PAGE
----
Chapter XVII. Using Boy Scouts for Bait!
 

Alarmed by the swift approach of the motor car in the tunnel, Jimmie and Jackson took to their heels and made swift progress toward the east entrance, throwing the searchlight about and keeping their eyes out for some hiding place as they ran.

Before long it became evident that they could not long maintain the pace they had taken. The motor car was gaining on them rapidly, as they knew by the steady approach of the clamor which the engines were making.

"Gee!" cried Jimmie, at last. "No use! I've got to drop in somewhere!"

Jackson was as ready to stop running as was Jimmie, so they drew up against the wall and Jimmie shut off the light from his electric candle.

"Do you think they saw that light?" asked Jimmie, pushing close to the rock wall. "I hope not."

"Probably not, as there was always an angle between us," was the whispered reply, "but their light is coming around that angle now. Stand close!"

It was of little use to stand close.

Under the great lamps every crack and crevice of the tunnel walls was in plain sight to the occupants of the car. The two fugitives might as well have attempted concealment under the limelight in the center of the stage of a Broadway theatre!

Jimmie's hand was on his automatic as the car halted in front of him. Jackson saw what was in the boy's mind and laid a hand on his arm.

"None of that!" he said.

"Well, I'm not goin' to be--"

Jackson forced the revolver out of the boy's hand as he brought it out of his pocket.

"They've got us," he whispered, "and will be only too glad of an excuse to shoot us down in cold blood."

"Well!"

This from Thomas Q. Collins, who sat in the front seat, looking at the two as if he could bite them in pieces!

Jimmie looked sullenly toward his automatic, in Jackson's hand, and said not a word. Jackson stepped forward.

"You've got us!" he said.

"You bet we have!" gloated Collins. "Where did that Nestor boy go with the man he picked up by the fire?"

"Did he get him?" asked Jimmie.

"Yes, he got him, worse luck!" was the reply. "Where did he go with him?"

"Don't know," replied Jimmie.

"I'll find a way to make you know!" gritted Collins. "Do you fellows know what it is to be hungry?"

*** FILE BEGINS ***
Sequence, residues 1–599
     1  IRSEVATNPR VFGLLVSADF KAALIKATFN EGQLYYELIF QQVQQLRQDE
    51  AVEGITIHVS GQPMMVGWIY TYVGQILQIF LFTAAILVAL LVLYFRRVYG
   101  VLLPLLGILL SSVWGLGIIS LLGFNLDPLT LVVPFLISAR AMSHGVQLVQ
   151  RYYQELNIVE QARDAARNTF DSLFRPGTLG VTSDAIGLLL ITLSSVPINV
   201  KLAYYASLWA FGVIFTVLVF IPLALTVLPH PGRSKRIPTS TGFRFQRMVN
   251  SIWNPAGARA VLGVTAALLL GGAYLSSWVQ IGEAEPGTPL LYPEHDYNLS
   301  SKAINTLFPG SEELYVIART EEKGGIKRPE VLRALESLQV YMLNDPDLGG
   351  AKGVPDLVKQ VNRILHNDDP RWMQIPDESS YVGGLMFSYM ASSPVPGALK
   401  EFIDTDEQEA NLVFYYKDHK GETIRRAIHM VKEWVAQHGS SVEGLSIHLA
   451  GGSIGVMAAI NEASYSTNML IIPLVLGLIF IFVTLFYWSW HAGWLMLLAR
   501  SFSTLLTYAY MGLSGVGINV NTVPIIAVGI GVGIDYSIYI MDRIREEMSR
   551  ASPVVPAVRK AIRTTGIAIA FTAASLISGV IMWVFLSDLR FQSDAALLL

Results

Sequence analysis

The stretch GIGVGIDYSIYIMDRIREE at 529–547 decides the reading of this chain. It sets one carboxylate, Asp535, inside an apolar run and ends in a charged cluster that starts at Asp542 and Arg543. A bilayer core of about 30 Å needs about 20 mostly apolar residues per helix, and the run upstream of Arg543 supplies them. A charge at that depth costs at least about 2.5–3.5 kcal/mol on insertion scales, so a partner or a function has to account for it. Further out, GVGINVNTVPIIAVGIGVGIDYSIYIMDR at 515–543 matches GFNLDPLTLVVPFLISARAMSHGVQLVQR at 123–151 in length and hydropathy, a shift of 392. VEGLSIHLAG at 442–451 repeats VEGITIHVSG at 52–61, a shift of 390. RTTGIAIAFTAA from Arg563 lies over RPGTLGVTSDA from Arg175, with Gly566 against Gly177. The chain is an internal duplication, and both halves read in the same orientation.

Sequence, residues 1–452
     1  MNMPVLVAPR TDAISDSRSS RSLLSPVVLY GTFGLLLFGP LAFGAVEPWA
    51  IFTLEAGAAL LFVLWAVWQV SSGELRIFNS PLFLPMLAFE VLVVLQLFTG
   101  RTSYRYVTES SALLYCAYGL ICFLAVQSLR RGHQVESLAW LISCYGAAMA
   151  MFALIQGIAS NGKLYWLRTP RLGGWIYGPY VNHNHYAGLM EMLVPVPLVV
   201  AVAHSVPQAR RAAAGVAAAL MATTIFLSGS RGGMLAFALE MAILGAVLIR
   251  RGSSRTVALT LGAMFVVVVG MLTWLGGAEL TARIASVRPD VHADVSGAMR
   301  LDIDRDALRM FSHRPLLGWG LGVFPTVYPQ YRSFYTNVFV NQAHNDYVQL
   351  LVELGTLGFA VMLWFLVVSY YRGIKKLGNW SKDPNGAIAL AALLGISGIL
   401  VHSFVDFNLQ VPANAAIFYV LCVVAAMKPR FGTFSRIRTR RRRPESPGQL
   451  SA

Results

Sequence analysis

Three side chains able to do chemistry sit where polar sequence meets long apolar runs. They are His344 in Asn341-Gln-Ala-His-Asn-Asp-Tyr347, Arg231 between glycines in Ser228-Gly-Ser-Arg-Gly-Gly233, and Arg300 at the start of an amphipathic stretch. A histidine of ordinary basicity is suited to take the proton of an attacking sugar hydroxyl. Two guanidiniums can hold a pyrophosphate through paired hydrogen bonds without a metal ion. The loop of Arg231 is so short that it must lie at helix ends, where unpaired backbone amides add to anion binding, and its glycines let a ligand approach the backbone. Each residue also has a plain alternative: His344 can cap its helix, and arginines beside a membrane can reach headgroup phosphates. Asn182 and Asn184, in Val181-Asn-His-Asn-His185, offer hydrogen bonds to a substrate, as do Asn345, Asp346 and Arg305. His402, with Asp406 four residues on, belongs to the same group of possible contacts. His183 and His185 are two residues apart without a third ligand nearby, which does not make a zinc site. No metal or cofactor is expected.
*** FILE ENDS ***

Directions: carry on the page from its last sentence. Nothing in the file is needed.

"Honest," Jackson cut in, "we don't know where Nestor went with Lyman. When he left us, he was not certain that he could get him. Thought Lyman might not want to go away with a stranger on such short notice."

"Oh, what's the use?" demanded one of the others. "The fellow has gone back to Asuncion. That's easy to figure out. Who set you boys at work on this case?" he added, in a moment, at a whisper from his seat-mate.

"Ned set me at work," Jimmie answered.

"Yes, but who set him at work?"

"I'll tell you," Jackson said, with a smile of satisfaction on his face, "the United States government set Ned at work. You'd better watch out how you butt up against the Secret Service men."

"That's just what I told you!" sneered Collins. "You wouldn't believe me. Now what do you think?"

The speaker left his seat in the machine and walked over to where Jackson was standing, the revolver still in his hand.

"Give me that gun!" he demanded.

Jackson passed it over without a word of protest.

"Now your own gun," Collins demanded, extending his hand.

"I have no gun," was the reply. "You know that very well."

"I thought you might have stolen one since leaving the cow country," snarled the other. "There is no knowing what kind of property you light-fingered gentlemen will acquire."

"You're a liar, Collins," Jackson said, coolly. "You know I never ran off the cattle which were missed. I believe you stole them!"

Collins advanced angrily toward the speaker, but one of his company drew him back.

"Cut it out!" he said. "There will be plenty of time later on."

"What are you going to do with us?" asked Jimmie.

"You'll see!" Collins replied. "I wonder how you would like a game of chase-the-bullet? Similar to the one you gave me not long ago?"

"Like it fine," Jimmie grinned, "if it didn't do me no more harm than it did you. Never touched you!"

"It may be different in your case," Collins threatened.

After consulting together in whispers for some moments, the men loaded Jimmie and Jackson into the crowded motor car and put on the reverse movement. In half an hour, the progress being slow, they came to the valley where the campfire was still burning. Here they all alighted.

Half a dozen Peruvian Indians of vicious appearance now came forward, and Collins gave them instructions in an undertone, after which the two captives were led away to the cavern in which Lyman had been sheltered up to the time of the arrival of the Nelson. One of the Indians remained outside while the others hastened away.

"Well," Jimmie said, as he looked gloomily at the discouraged Jackson, "what do you think of this? I'd like to push the face of that Collins person in so it would mix with the back curtain."

"We're in for it!" moaned Jackson.

"Aw, what can they do to us?" demanded the little fellow.

"They can keep us here until we die of starvation," replied Jackson. "I've had a turn with starvation, and know what it's like."

Jimmie reached under his coat and brought out a can of beans.

"Here," he said, "get busy on this."

"They took mine away when they searched me for a gun," said Jackson.

"Buck up!" advised Jimmie. "We've got to figure out some way to give them the slip. What?"

"Yes, I suppose so!"

Jackson had counted on getting back to civilization without further difficulties, on the arrival of the Nelson, and now he was completely discouraged. Jimmie sat on the floor of the cavern and eyed him quizzically.

"Ned will come back after us," the little one said, presently. "You put your bloomin' trust in Ned, an' you'll come a four-time winner out of the box. I know. I've been out with him before."